In February 2013, Tiffany & Co. filed a lawsuit against Costco for selling “Tiffany” engagement rings. Costco defended their actions by stating that “Tiffany” was a generic diamond setting, not a brand. However, customers who shopped with Costco were not necessarily aware of what they were buying.
Costco filed a counterclaim disagreeing with the jeweler, saying that the term is in fact generic and can be used in its store promotions.
On Sept. 8, 2015, a U.S. District Court for the Southern District of New York granted Tiffany’s motion for summary judgment.
Earlier in the case, Tiffany won the right to contact 2,500 Costco customers to tell them that the rings did not come from Tiffany and that the Tiffany trademark was used in order to describe the cut and style of the ring, not the source. That turned into evidence that some consumers believed that the Costco use of the mark was done in order to show that those customers were buying rings from Tiffany itself, not cut in a certain style.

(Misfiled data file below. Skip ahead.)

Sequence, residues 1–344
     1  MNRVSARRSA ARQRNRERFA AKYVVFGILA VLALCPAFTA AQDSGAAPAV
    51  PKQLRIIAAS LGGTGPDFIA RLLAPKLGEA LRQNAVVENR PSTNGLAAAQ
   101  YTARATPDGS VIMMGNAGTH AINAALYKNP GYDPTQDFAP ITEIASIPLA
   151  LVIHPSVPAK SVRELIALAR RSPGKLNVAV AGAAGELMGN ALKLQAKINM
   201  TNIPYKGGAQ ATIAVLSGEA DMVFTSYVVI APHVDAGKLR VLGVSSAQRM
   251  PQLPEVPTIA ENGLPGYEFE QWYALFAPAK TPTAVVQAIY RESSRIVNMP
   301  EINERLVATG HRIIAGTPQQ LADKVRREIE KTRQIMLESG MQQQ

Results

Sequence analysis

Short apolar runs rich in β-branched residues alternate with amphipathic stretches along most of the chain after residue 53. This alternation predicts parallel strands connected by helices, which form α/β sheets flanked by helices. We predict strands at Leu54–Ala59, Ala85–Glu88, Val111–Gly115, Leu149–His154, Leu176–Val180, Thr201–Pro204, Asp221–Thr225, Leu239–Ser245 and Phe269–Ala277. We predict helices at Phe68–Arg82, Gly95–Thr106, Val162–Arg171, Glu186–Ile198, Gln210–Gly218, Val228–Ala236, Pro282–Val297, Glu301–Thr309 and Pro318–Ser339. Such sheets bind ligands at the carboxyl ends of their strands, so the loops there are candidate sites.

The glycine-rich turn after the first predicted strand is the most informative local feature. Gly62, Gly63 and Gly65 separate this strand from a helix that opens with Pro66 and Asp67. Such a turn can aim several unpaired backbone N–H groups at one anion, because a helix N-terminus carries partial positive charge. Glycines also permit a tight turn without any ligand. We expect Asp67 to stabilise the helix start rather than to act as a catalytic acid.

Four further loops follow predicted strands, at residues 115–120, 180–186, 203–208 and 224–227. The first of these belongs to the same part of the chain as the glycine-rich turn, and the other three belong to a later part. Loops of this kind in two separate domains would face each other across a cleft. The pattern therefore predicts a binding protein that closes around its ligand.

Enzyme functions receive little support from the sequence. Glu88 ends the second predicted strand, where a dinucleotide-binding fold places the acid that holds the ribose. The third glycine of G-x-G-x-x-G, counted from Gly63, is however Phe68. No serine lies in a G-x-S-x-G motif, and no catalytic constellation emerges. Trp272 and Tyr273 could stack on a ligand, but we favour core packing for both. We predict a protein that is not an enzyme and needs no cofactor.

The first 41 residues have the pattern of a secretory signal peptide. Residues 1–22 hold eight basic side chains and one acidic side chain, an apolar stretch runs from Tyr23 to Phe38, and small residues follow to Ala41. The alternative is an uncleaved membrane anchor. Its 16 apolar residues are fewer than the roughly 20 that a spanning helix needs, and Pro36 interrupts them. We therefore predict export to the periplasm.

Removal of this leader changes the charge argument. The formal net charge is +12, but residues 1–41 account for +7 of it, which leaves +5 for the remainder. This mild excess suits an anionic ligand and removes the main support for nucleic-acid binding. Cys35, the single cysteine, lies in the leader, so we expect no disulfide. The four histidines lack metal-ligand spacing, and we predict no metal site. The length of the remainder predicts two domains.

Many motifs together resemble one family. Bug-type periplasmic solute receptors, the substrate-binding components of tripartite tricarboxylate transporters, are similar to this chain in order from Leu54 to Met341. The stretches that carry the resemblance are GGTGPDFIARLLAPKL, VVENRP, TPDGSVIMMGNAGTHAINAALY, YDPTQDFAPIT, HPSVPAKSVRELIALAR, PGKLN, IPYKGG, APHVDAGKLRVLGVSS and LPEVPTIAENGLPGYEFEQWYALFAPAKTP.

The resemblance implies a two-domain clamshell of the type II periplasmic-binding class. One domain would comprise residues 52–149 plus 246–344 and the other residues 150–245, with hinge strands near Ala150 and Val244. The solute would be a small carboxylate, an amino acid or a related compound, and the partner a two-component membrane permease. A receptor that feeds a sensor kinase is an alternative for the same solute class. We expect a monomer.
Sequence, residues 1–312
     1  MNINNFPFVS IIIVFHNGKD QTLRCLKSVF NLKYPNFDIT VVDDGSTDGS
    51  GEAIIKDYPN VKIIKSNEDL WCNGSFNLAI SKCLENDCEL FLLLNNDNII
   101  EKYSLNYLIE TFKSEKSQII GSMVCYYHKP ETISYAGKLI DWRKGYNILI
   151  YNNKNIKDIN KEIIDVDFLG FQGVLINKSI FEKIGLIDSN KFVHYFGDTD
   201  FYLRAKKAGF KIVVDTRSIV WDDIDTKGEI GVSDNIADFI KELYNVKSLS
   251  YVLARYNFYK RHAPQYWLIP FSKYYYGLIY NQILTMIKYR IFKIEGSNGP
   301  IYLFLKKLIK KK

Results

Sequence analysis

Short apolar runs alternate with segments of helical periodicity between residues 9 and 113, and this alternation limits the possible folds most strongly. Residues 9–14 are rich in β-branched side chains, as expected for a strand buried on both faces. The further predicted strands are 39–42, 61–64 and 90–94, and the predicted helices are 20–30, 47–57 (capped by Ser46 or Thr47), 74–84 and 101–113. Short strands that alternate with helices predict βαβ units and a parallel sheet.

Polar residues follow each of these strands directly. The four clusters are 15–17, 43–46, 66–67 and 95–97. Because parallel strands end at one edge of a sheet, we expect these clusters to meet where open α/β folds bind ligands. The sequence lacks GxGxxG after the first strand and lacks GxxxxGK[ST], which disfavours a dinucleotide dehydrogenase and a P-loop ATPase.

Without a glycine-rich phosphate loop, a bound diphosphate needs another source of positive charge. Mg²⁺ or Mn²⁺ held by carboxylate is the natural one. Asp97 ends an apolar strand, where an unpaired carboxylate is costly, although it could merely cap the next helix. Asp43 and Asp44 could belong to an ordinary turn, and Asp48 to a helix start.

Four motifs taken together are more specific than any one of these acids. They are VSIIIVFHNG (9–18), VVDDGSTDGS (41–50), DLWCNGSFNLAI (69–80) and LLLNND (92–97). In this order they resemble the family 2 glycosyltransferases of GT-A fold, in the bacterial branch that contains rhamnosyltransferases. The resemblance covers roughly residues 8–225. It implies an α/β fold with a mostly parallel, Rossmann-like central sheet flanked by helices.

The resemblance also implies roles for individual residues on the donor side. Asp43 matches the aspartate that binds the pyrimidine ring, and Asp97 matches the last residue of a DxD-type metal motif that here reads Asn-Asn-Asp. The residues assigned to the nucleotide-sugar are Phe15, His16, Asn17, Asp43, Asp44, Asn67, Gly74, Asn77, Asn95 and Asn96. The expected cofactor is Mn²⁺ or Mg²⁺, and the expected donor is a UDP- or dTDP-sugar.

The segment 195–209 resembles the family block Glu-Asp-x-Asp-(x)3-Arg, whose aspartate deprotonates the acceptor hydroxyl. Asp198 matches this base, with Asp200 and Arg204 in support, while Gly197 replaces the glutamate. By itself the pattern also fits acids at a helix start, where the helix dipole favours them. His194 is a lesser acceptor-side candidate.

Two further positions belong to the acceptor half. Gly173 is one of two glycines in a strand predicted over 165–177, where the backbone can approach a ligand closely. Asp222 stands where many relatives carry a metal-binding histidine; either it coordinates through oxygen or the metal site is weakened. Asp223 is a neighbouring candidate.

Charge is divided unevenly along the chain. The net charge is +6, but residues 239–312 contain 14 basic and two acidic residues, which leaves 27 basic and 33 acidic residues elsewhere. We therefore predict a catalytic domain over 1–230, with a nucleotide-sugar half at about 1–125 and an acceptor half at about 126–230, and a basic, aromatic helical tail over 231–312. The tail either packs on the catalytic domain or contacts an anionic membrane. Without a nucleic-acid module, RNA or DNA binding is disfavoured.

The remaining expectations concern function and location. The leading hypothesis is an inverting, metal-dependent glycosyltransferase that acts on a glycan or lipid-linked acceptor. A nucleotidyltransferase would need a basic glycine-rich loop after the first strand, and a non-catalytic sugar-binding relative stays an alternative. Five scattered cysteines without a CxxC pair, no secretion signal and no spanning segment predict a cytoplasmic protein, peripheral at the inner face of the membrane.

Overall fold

The one surprise in the case is that the judge made this ruling in Tiffany’s motion for summary judgment. A motion for summary judgment requires that both parties rely upon the facts of the case. Then the judge must look at the facts of the case in the favor of the party that is not making the motion (Costco, in this case). When I have had to respond to summary judgment motions, I have shown where my clients disagree with the moving party, trying to cut down the summary judgment motion at the knees.
This case shows that in using the trademark of another company, trying to argue that the mark is generic is usually not a good argument. It helps to speak to counsel to receive the correct advice about how the use of the trademark affects business. Is it really generic use or is it use only to confuse consumers about the quality of the products they are buying? Always talk to counsel in your marketing decisions.